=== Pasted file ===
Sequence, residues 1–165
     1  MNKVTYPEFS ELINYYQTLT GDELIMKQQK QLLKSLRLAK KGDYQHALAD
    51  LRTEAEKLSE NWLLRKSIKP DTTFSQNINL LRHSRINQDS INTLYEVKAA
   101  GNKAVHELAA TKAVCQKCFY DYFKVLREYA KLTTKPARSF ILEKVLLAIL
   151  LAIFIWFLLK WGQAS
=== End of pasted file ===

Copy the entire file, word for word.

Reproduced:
Sequence, residues 1–165
     1  MNKVTYPEFS ELINYYQTLT GDELIMKQQK QLLKSLRLAK KGDYQHALAD
    51  LRTEAEKLSE NWLLRKSIKP DTTFSQNINL LRHSRINQDS INTLYEVKAA
   101  GNKAVHELAA TKAVCQKCFY DYFKVLREYA KLTTKPARSF ILEKVLLAIL
   151  LAIFIWFLLK WGQAS